Pictures of people killed in the genocide donated by survivors, installed on a wall inside the Gisozi memorial in Kigali (Photo: REUTERS/Radu Sigheti)
Today marks 20 years since the start of the Rwandan Genocide. Over the course of a harrowing 100-day period, the Central African conflict led to the deaths of an estimated 800,000 people in 1994.
After an airplane carrying Rwandan President Juvenal Habyarimana was shot down on April 6, 1994, longstanding tensions between members of the majority Hutu ethnic group and the minority Tutsi population escalated into genocide (defined by the United Nations as "acts committed with intent to destroy, in whole or in part, a national, ethnic, racial or religious group"). The mass slaughter of Tutsis (along with large numbers of moderate Hutus who favoured reconciliation) was organized and carried out by supremacist militias, as well as government and military forces loyal to the Hutu majority.
When the genocide ended three months later, with a Tutsi-led rebellion bringing down the government and declaring a ceasefire, an estimated two million Hutu refugees fled the country for Zaire (now Democratic Republic of Congo) fearing retribution.
The international community has been criticized for its initial response to the crisis. The UN withdrew the majority of its peacekeeping forces several weeks into the conflict, and international officials initially avoided using the word "genocide" to describe the conflict.
One of the key figures working to protect human life within Rwanda and bringing international attention to what he considered clear examples of genocide was Canadian Senator Roméo Dallaire, then Force Commander of UNAMIR, the United Nations-led peacekeeping force tasked with stabilizing the region.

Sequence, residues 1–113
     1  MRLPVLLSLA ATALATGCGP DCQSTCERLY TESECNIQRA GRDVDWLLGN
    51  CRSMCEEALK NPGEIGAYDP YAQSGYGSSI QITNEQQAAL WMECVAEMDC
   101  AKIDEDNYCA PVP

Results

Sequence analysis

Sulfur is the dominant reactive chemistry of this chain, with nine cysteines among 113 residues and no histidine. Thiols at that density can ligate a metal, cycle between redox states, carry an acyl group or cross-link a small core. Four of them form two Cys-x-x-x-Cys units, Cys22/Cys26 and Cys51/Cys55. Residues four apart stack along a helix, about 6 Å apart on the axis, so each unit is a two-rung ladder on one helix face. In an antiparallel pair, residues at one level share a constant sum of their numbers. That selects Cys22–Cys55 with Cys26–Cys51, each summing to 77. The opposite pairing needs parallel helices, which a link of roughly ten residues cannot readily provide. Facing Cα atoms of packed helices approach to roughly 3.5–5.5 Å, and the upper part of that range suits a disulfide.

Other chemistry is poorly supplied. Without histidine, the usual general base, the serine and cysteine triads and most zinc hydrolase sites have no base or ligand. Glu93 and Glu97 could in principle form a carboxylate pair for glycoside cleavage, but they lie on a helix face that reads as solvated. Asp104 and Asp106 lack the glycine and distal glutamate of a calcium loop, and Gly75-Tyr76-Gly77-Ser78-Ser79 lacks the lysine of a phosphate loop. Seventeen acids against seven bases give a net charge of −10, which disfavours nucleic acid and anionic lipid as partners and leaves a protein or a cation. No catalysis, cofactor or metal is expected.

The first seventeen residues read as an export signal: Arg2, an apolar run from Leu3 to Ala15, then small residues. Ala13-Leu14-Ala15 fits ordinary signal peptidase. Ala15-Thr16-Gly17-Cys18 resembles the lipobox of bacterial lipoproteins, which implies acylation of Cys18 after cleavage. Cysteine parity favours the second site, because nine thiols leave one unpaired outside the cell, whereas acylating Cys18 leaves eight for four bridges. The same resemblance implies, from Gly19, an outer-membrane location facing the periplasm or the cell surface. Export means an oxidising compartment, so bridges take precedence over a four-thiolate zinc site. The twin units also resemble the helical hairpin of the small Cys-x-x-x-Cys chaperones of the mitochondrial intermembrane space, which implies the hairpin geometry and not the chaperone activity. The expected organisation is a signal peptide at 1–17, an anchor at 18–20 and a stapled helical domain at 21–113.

Dallaire talked about his experiences in his Governor General's Award-winning memoir Shake Hands with the Devil, which he discusses in this segment from The National:
Dallaire's is one of a number of incredible stories of courage during the Rwandan crisis. In the leadup to the 20th anniversary, BBC published a remarkable mulltimedia profile of Captain Mbaye Diagne, a Senegalese United Nations observer who performed unsanctioned civilian rescue missions throughout the conflict.
In 1999, the Rwandan government formed the National Unity and Reconciliation Commission to help address some of the lingering injustices from the conflict, with a focus on non-discrimination, social justice, and the reproductive and health effects of sexual violence. The UN estimates that between 100,000 and 250,000 women were raped during the three-month-long genocide.
Twenty years later, several important initiatives are working to repair relationships and bridge cultural divides that remain in the region. Prison Fellowship Rwanda established six “reconciliation villages” in rural areas across the country, allowing impoverished Tutsis and Hutus to live and work together in collaborative communities.
A new exhibit at King’s College in London gives the world a glimpse into the work of several Rwandan photographers. Rwanda In Photographs: Death Then, Life Now is the product of a workshop in which prominent African photographers talked about how Rwanda is visually portrayed internationally. The event highlighted a need to allow Rwandan photographers to capture their own surroundings.